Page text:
Go out and enjoy these U.S. National Treasures when you can.  If you can’t go, at least visit the sites and enjoy the photos, podcast, videos and historical facts the NPS created for you – fee-free or otherwise at http://www.nps.gov/findapark/index.htm.

And, if you have 45 minutes, watch the film, THIS IS AMERICA, which gives the diverse history and stories of the National Park system. The film includes some gorgeous footage of various parks, too.  

Big Sur, California

Big Sur, California (Photo credit: CCC the_tahoe_guy)

©2012 DLewis

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Posted by on April 7, 2012 in Economic, Tips, Uncategorized

 

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Free U.S. Parking in September 2011


Waterfall at Yosemite National Park, Photo by DanNg, NPS

You might have watched Oprah and Gayle’s great adventure in Yosemite National Park during Oprah’s last season. It looked beautiful and all the  394 National Parks offer some aspect of beauty. Entrance to all the parks are inexpensive and the system offers several fee-free days throughout the year.  The next free day happens in September when the National Park Service (NPS) waives the entrance fees at all the parks for Public Lands Day.

The entire schedule of fee-free days in 2011:

  • January 15-17
    (Martin Luther King, Jr. Birthday weekend)
  • April 16-24
    (National Park Week)
  • June 21
    (First day of summer)
  • September 24
    (Public Lands Day)
  • November 11-13
    (Veterans Day weekend)

Visit NPS (http://www.nps.gov/findapark/feefreeparks.htm) for more details. However, visiting a National Park  is a bargain even with fees. For instance, entrance fees at Yosemite in California and Rocky Mountain National Park in Colorado run $20 per carload for non-tour visitors, while Casa Grande Ruins National Monument charges $5 per person.  These fees gain visitors entry for seven consecutive days. Different fees apply for commercial tours, students and senior citizens. Disabled guests and kids ages 15 and under get free admission.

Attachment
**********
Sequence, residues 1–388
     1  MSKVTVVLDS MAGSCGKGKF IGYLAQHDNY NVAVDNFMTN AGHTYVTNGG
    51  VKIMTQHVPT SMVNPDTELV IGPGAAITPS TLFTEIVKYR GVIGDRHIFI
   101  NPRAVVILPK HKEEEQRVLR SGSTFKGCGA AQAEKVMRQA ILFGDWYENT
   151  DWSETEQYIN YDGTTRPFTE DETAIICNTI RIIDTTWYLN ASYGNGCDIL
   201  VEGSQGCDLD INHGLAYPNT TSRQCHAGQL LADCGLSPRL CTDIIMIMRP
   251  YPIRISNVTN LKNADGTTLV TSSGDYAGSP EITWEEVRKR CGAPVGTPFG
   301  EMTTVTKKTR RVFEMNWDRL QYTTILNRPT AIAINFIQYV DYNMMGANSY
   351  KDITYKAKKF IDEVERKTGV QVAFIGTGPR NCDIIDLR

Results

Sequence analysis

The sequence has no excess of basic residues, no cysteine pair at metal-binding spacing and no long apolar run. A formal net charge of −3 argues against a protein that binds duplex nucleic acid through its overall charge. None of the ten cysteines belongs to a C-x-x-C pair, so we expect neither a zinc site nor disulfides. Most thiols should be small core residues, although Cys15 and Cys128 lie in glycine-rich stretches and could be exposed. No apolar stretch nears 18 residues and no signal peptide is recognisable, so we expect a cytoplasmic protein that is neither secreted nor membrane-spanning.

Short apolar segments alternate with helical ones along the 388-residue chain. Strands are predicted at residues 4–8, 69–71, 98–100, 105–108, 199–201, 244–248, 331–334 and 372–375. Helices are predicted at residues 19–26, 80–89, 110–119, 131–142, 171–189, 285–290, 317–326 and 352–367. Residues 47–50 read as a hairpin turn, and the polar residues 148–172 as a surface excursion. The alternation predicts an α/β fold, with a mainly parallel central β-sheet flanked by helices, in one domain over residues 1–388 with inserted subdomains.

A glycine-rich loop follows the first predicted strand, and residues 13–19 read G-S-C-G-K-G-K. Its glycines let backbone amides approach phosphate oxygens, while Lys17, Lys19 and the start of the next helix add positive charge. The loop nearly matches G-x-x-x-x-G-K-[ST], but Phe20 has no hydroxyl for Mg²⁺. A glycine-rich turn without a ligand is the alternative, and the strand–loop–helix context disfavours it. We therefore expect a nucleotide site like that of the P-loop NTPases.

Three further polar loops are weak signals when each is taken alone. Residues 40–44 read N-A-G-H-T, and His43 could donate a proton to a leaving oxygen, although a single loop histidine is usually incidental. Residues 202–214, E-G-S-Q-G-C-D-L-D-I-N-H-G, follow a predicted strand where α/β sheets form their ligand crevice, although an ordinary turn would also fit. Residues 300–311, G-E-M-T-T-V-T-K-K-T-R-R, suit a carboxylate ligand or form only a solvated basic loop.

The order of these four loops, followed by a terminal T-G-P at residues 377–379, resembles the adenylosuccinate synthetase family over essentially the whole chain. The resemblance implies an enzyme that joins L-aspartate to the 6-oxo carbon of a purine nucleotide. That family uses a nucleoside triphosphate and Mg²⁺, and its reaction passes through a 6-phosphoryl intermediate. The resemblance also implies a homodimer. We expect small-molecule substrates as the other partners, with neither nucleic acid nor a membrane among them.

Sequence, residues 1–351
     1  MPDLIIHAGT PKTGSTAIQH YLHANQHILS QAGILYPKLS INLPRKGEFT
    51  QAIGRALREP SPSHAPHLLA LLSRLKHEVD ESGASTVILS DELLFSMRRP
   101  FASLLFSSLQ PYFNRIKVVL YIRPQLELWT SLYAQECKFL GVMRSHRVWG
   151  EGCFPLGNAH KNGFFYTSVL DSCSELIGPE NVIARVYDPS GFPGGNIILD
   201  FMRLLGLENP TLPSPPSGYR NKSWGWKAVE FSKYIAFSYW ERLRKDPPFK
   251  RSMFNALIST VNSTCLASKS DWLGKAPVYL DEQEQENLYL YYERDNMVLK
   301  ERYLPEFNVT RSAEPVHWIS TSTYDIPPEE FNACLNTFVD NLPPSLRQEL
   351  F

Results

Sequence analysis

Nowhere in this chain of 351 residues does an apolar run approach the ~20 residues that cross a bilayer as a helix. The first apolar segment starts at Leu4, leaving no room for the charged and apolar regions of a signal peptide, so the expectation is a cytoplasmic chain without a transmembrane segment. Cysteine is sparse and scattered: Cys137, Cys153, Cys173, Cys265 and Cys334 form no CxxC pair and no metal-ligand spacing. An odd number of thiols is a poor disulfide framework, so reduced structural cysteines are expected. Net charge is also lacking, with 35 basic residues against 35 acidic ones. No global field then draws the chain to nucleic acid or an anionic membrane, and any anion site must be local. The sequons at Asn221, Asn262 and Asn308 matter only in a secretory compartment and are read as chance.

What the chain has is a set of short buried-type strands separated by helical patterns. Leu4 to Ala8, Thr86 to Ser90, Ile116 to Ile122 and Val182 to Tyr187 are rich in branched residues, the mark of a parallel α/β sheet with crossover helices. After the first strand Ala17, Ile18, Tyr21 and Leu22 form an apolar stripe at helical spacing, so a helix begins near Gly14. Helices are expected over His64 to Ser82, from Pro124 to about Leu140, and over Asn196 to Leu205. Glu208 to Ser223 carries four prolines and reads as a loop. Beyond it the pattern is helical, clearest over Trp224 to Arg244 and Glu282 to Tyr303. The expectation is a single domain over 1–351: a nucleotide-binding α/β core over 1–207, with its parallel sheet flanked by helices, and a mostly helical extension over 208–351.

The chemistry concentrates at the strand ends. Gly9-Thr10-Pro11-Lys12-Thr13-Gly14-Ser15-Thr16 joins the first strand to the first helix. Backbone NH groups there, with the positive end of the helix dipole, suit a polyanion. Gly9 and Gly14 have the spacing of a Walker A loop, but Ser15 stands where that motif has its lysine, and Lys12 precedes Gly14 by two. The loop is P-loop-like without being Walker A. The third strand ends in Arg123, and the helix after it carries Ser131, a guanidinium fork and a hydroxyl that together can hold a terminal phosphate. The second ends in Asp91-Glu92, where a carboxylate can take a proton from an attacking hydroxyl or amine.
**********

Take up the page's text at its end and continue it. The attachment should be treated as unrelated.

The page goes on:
Each park offers a park specific annual pass (~$40) and the America the Beautiful–National Parks and Federal Recreational Lands Annual Pass ($80).  These passes cover entrance and all standard amenity fees for the driver and all passengers in non-commercial vehicles for parks with a flat fee; and up to four adults for the parks that have a per person charge. Both are valid for one year. The latter pass provides access to the entire National Park Service properties and federal lands managed by five different government agencies. U.S. senior citizen, 62 years and older, pay only $10 for a lifetime Senior Pass. A free lifetime Access Pass is available for visitors with permanent disabilities.

If you can't make it on one of the fee-free days, note that only 147 of the 394 parks charge entrance fees.   Click here for a list of the parks that charge fees but will waive them for the fee-free dates. Again, all the park fees are nominal. For visitors planning overnight stays, check the site of the desired park for lodging prices.  To sweeten the deal, some of the national park 600 concessionaires reduce their prices during the entrance free days. This also includes special offers such as discounted tours, some as much as half off. Concessionaires offer diverse services, such as food, lodging, retail shops, and transportation.      


Keep in mind that the national parks aren't just for camping. You can choose to:
  • hike in the majestic beauty
  • picnic near the awe-inspiring waterfalls
  • Relive history in a horse-drawn stage ride for a tour of history or check out history brought to life in performances at the park theater
  • Learn to capture the park’s enchantment through a photography class at the Ansel Adams Gallery
  • Take a stroll with a ranger – your kids might even earn their Junior Ranger badge
  • Take the two-hour Immersion Tour in an open air train (no worries about being stranded like Gilligan)
Click the names to take a look at the event brochures for Yellowstone National Park in Wyoming and Big Bend National Park in Texas, as well as the Big Bend newspaper.
While reservations aren’t necessary, the NPS strongly recommends that you call the intended national park to check the weather and event schedules for the day(s) of your visit.
With 394 national parks, finding one within driving distance shouldn’t be a problem. Go forth and park.

 
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Posted by on August 12, 2011 in Consumer, Economic, Know this?, Uncategorized